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New Report on 1994 Ferry Disaster: No Collision, No Explosion



COPENHAGEN, Denmark — There is no evidence that a collision or explosion caused the sinking of a ferry in the Baltic Sea in 1994 in one of Europe’s deadliest peacetime maritime disasters, officials said on Monday. accident investigation boards of Estonia, Finland and Sweden.

“There is no indication of a collision with a vessel or floating object nor any indication of an explosion in the bow area,” according to the preliminary report. The new report did not provide any new evidence contradicting the results of the official investigation into the accident in 1997.

The M/S Estonia sank in rough seas on September 28, 1994, killing 852 people, mostly Swedes and Estonians. The ferry was en route from the Estonian capital, Tallinn, to Stockholm when it sank around 30 minutes after an initial distress call. Only 137 people on board survived.

The ship’s fate has sparked several conspiracy theories, including that it may have collided with a submarine or that it was carrying sensitive military cargo.

The 1997 official joint investigation by Estonia, Finland and Sweden concluded that the ferry sank when its forward door locks failed during a storm. This separated the forward door from the ship, opening the ramp to the car deck and causing extensive deck flooding.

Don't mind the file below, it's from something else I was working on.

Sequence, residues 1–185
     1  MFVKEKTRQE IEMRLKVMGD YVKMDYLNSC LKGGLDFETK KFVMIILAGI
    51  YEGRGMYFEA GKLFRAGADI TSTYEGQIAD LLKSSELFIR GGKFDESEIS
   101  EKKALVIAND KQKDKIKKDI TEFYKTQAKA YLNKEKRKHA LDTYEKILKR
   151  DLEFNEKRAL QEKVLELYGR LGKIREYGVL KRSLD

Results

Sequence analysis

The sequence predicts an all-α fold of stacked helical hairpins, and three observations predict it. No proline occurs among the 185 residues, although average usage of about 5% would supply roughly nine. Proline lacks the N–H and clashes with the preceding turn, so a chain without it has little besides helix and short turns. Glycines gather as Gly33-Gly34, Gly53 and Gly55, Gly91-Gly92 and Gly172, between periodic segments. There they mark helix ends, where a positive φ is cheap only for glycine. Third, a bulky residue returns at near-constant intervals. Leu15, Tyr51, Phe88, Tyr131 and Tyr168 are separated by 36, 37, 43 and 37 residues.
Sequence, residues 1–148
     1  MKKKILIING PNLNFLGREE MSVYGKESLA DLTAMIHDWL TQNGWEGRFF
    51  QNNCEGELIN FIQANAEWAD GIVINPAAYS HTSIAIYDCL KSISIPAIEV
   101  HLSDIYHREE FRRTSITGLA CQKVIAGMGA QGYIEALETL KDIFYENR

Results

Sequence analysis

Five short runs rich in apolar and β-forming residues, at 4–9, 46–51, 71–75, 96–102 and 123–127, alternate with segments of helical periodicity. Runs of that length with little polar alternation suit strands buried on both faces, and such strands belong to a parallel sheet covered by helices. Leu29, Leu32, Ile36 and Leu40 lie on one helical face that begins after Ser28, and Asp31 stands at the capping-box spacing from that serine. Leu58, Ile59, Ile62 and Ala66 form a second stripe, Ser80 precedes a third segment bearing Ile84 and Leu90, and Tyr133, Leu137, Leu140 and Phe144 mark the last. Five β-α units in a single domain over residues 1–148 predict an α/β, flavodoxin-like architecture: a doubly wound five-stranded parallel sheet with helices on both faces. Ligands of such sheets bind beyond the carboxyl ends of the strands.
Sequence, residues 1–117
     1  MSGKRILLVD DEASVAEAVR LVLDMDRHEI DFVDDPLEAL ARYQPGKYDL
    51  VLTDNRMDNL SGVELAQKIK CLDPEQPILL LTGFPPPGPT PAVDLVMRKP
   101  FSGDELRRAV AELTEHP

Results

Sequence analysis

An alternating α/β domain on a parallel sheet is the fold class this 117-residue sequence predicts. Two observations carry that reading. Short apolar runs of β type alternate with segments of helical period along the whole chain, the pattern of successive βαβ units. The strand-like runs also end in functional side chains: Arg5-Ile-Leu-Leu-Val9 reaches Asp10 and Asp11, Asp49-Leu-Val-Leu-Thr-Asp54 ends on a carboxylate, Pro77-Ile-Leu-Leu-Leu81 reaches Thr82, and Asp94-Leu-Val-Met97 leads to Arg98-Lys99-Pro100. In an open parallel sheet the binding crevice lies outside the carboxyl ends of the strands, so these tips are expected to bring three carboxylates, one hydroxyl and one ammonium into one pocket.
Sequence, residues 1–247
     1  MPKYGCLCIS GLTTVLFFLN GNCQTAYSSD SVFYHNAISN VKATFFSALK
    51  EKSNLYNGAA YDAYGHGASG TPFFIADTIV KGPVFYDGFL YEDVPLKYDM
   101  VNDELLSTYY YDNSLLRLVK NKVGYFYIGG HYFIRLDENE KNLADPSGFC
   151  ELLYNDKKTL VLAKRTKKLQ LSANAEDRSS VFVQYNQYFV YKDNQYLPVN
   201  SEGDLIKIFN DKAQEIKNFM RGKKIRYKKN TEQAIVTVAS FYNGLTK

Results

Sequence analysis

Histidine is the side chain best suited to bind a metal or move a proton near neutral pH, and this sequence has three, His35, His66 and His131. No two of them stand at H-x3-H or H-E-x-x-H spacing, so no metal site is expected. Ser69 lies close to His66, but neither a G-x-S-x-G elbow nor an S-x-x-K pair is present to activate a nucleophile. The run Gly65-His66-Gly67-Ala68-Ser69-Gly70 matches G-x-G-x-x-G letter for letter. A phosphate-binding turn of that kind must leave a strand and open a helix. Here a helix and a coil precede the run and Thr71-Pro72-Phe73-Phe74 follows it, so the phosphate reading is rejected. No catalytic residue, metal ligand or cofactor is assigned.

The latest probe was launched after a 2020 TV documentary included video footage from the wreck site showing a hole in the hull measuring 4 meters (13ft) on the starboard side. Officials said the wreckage had a hole about 22 meters (72ft) long and 4 meters (13ft) high.

The hole and other damage became more visible because the wreckage “twisted 13 degrees” due to changes in the seabed, said Jonas Bäckstrand, deputy head of Sweden’s Marine Investigation Authority. accidents. The commission had used underwater images and computerized images.

“It appears to have been damaged by the impact when it hit the seabed,” Bäckstrand said during the presentation of the interim preliminary assessment report in Tallinn, Estonia.

“We’re not done yet,” he said, adding that this was just a preliminary finding and further investigation was planned.

A leading theory was that the Estonia was carrying military equipment and that there had been some sort of explosion. The Swedish Armed Forces said they used the ferry to transport only electronic-type equipment, but not on the fateful night.

The wreck lies on the seabed 80 meters (265 feet) below the surface in international waters off a Finnish island and is considered a graveyard, giving the area protection under the law.

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